The design of the “plug and play” energy module for each house went through several iterations to reduce its size and the number of trades required to fit it on site from 10 to just one.

BAM’s homes are all designed to be energy neutral, but this depends on occupants signing up to agreed standards of energy usage. A family of two adults and two children is permitted 2,500kW a year of electricity a year, and must heat the house to a constant 20 deg C and shower for no more than 30 minutes a day. Tenants who exceed those limits have to pay for the extra energy and conversely, those who use less will receive money back from the government.

Although BAM’s work currently focuses on social terraced houses, which are roughly similar in design, Jongen says it is constantly learning how to do it cheaper and faster, which will help the firm expand into new markets.

According to BAM, the next step will be the industrialisation of retrofitting terraced houses built between 1955 and 1975, and development of plans to retrofit apartments.  future, BAM plans to tackle blocks of apartments and flats, and the Dutch government is currently assessing how Energiesprong can be adapted to retrofit privately owned properties, which will likely require an alternative financing model.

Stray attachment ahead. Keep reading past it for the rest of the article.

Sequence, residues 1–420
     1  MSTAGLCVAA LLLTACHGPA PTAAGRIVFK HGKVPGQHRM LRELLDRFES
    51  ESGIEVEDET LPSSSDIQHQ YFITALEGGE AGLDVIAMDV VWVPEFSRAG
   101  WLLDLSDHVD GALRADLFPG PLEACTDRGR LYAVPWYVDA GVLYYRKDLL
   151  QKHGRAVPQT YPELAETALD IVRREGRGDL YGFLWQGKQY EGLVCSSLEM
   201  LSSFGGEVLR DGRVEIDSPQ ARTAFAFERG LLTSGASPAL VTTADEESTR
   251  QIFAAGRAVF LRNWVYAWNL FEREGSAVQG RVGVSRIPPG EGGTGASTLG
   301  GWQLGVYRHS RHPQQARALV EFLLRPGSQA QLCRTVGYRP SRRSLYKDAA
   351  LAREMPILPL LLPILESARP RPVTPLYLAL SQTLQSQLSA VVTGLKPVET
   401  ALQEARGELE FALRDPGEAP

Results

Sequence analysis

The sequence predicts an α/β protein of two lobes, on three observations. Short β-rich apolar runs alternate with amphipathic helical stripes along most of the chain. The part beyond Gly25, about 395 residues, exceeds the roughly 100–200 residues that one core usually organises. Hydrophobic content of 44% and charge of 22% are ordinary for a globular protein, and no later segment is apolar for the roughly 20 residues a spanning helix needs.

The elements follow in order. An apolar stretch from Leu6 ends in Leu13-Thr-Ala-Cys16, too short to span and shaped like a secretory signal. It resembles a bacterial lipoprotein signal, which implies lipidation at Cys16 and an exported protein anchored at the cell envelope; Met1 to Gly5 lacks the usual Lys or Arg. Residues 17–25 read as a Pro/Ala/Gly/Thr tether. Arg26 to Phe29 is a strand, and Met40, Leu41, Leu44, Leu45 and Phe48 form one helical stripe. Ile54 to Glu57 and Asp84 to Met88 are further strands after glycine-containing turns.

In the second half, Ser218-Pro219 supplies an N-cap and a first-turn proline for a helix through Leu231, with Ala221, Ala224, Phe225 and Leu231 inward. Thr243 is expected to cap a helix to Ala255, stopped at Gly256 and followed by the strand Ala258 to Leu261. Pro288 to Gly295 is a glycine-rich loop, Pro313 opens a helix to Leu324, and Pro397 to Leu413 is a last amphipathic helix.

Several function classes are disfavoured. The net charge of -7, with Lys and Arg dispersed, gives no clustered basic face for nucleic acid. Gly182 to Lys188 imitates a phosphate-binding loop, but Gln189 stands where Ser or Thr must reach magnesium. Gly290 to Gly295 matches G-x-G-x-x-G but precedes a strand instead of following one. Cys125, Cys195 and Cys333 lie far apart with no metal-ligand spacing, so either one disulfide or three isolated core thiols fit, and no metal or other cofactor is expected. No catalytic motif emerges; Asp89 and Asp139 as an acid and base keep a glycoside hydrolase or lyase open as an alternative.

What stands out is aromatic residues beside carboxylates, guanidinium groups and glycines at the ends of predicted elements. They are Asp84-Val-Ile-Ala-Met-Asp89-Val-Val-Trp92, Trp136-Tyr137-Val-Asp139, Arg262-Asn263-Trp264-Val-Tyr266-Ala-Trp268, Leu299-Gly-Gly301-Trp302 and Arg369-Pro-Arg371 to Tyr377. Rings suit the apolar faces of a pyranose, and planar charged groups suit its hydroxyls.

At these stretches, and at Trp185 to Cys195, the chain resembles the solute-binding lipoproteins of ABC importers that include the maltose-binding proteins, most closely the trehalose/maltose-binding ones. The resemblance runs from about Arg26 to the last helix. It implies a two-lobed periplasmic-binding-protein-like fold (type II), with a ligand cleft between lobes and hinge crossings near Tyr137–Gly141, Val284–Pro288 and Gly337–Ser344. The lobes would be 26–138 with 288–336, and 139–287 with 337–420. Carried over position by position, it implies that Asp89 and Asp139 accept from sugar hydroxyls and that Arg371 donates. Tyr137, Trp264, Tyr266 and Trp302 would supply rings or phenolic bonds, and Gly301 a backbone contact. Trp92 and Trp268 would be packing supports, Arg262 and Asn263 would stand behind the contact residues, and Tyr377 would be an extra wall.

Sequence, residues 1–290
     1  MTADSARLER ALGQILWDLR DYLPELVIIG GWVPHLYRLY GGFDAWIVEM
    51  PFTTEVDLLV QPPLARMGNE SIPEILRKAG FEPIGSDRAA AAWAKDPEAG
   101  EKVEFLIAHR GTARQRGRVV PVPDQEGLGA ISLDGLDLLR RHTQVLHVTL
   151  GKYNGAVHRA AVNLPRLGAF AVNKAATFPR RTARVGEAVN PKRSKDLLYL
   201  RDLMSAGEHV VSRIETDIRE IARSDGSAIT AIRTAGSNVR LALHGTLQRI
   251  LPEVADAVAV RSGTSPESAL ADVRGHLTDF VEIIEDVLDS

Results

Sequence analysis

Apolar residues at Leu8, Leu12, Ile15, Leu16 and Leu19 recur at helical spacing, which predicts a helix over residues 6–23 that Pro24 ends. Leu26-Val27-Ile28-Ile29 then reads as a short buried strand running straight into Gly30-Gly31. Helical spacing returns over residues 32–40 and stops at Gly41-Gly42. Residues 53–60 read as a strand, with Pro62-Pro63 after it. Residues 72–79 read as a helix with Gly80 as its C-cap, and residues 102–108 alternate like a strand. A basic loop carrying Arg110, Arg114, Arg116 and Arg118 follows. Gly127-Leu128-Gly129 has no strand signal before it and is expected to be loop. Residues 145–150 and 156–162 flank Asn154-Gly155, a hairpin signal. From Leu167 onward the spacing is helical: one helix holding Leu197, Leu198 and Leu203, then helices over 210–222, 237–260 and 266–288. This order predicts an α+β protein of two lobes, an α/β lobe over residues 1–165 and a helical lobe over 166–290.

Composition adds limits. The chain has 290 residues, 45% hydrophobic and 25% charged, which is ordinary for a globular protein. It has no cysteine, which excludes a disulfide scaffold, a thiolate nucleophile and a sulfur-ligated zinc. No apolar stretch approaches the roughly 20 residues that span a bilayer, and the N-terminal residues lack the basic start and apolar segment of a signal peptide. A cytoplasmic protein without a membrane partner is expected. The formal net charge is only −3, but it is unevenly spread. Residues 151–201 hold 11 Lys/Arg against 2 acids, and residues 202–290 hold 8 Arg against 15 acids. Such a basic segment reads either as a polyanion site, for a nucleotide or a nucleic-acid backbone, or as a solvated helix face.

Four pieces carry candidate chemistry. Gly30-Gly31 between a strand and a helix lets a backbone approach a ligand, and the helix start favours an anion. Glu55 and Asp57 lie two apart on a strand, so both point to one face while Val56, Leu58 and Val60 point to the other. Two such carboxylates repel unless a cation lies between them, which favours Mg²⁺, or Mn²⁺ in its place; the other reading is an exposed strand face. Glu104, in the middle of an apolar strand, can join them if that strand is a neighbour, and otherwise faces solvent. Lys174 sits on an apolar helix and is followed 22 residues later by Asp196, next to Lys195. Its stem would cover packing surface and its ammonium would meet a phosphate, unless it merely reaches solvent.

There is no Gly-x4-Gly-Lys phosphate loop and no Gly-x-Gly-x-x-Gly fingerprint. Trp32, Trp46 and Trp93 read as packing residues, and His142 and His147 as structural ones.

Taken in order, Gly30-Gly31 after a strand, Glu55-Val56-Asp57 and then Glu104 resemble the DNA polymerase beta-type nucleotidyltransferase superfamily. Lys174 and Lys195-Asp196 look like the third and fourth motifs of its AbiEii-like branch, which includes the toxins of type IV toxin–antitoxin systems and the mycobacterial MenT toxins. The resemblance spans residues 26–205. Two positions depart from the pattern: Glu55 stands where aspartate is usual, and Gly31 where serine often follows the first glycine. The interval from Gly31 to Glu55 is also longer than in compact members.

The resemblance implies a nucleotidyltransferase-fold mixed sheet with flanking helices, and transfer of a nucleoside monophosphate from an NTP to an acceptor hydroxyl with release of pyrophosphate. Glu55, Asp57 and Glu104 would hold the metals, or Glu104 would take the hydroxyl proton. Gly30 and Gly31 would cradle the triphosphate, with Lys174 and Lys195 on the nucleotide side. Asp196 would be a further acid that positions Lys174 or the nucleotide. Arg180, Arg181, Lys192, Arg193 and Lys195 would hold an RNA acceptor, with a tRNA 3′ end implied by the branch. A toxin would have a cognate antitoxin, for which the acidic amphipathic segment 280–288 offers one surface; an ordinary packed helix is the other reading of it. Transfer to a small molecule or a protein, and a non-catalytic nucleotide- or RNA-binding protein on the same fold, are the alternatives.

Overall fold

The project is already a showcase for 3D scanning and BIM, but Jongen is predicting further advances. “We are already using BIM to manage and maintain the homes, so it is not beyond the realms of possibility that in a few years’ time drones will fly over properties to survey and scan for any maintenance issues and upload the details to BIM. ‘Look, it’s that maintenance drone again’ people will say.”

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  1. Amazing. Wonderful. Those projects can be easily applied here in Canada.

  2. I survey many properties in Spain which suffer dreadfully from cold damp and subsequent mould, all through their inherently poor construction methods.
    This is a market awaiting an explosion as people realise that Spain is not warm all year round.

  3. The installation of a green roof reduces the need to manage any storm water that accumulates, as well as the stress put on local sewer systems. In urban settings, the inclusion of green roofs reduces the overall heat conducted by the buildings, covering many of the surfaces that would generate the most warmth.